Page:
Loomis (company)

Loomis is a cash handling company. The modern company was formed in 1997 by the consolidation of two armoured security concerns, Wells Fargo Armored Service and Loomis Armored Inc. Their international network covers over 400 operating locations in the US and eleven western European countries.

Millennium Dome raid Attempted robbery of diamond exhibition

The Millennium Dome raid was an attempted robbery of the Millennium Dome's diamond exhibition in Greenwich, South East London occurring on 7 November 2000. A local gang planned to ram-raid the De Beers diamond exhibition which was being held in the riverside Dome at the time. The gang had then planned to escape via the Thames in a speedboat.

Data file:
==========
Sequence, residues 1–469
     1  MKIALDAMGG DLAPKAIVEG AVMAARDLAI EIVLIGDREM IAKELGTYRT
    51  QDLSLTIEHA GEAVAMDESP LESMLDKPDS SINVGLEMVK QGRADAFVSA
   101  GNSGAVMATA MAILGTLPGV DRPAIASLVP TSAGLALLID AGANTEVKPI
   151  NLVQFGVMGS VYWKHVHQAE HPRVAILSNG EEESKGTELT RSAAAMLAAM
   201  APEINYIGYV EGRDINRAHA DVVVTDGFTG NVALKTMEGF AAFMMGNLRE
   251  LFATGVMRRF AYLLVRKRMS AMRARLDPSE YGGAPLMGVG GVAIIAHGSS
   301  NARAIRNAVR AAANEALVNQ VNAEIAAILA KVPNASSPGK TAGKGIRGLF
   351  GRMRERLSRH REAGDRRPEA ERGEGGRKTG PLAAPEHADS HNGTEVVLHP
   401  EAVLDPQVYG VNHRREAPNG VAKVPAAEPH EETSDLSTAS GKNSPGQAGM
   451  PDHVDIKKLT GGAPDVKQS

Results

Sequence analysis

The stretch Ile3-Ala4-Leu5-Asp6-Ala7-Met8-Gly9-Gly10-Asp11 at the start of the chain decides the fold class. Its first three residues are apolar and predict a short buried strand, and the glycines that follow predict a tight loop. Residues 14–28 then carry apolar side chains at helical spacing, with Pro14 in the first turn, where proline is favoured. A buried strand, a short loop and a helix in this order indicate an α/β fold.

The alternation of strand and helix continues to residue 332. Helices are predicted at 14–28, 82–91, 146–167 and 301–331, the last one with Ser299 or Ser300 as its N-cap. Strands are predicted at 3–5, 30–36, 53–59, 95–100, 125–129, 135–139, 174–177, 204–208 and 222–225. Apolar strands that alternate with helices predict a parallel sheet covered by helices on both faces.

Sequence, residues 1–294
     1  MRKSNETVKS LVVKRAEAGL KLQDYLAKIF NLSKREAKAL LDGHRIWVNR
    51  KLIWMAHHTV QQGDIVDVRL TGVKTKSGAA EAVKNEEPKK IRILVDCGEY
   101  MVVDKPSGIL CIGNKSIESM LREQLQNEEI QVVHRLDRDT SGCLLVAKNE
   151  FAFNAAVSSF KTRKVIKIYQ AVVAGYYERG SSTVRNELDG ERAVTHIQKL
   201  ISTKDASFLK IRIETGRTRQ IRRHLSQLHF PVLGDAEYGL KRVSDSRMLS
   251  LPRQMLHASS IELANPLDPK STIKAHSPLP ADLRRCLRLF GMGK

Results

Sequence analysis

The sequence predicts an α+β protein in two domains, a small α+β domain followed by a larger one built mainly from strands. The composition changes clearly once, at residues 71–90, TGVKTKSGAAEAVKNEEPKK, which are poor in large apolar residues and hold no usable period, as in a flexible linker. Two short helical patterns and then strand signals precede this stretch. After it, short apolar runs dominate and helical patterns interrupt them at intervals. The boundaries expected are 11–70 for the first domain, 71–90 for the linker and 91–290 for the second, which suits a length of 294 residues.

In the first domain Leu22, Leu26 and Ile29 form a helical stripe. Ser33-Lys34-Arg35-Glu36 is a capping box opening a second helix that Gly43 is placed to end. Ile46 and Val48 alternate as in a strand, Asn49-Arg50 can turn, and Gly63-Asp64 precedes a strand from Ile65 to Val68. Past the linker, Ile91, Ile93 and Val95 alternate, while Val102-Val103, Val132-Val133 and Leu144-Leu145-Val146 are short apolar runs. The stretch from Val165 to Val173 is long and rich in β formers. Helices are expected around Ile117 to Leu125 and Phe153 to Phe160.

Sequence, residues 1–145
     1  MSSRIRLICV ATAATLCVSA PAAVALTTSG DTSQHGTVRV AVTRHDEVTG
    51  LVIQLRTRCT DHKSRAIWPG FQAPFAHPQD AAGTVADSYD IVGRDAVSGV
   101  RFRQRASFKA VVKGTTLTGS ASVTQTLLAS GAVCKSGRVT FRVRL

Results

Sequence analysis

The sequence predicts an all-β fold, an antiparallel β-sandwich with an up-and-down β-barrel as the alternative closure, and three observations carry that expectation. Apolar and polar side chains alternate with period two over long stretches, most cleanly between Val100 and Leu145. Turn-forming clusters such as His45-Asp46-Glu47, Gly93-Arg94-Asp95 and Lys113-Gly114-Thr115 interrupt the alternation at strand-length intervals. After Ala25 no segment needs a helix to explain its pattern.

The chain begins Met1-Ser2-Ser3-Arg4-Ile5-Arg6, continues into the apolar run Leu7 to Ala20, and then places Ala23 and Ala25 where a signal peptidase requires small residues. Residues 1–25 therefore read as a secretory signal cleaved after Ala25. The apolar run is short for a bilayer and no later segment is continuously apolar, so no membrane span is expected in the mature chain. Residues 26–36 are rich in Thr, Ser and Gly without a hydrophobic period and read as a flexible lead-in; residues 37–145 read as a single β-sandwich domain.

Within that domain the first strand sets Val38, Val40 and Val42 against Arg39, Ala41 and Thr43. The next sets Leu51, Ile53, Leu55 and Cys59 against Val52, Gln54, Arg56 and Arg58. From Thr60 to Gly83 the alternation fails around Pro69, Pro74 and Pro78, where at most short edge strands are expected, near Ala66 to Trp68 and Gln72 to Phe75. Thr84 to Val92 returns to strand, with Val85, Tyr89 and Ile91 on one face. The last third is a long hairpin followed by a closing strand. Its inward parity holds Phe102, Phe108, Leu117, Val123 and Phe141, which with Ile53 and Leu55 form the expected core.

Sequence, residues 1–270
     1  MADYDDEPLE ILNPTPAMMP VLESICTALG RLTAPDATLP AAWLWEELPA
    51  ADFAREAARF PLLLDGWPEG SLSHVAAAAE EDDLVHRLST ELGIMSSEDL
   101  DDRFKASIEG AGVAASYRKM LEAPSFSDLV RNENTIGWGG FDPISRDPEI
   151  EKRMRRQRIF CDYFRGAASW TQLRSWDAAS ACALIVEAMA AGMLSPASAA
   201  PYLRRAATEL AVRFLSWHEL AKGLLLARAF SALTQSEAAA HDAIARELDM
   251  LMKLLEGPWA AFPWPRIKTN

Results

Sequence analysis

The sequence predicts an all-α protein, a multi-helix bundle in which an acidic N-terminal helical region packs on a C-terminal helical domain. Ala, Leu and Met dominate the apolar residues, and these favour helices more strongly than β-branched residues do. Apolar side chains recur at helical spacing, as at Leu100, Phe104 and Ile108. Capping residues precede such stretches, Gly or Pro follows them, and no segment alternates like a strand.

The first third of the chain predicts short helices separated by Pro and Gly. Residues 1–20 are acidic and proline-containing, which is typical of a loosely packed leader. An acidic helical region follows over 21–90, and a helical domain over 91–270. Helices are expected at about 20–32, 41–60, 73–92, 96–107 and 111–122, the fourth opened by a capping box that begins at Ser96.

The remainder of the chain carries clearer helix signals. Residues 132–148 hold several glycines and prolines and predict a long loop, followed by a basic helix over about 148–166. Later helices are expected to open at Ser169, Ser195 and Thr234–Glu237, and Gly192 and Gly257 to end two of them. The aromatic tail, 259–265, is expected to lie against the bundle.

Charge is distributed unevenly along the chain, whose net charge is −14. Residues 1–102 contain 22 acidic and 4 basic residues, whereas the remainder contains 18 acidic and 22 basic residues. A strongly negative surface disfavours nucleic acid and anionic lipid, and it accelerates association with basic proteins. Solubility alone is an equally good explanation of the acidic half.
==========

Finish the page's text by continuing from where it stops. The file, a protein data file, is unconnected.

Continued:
2009 Bank of Ireland robbery

The 2009 Bank of Ireland robbery was a large robbery of cash from the College Green cash centre of the Bank of Ireland in Dublin, Ireland, on 27 February 2009. It was the largest bank robbery in the Republic of Ireland's history. Criminals engaged in the tiger kidnapping of a junior bank employee, 24-year-old Shane Travers, and forced him to remove €7.6 million in cash from the bank as his girlfriend and two others were held hostage.

2009 Graff Diamonds robbery